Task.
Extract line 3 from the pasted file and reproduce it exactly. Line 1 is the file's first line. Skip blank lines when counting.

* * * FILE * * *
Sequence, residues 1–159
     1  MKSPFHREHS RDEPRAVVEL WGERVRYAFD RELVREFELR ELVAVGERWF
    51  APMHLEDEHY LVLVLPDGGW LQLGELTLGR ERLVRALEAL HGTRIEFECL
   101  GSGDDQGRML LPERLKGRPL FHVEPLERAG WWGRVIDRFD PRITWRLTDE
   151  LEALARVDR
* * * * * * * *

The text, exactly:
    51  APMHLEDEHY LVLVLPDGGW LQLGELTLGR ERLVRALEAL HGTRIEFECL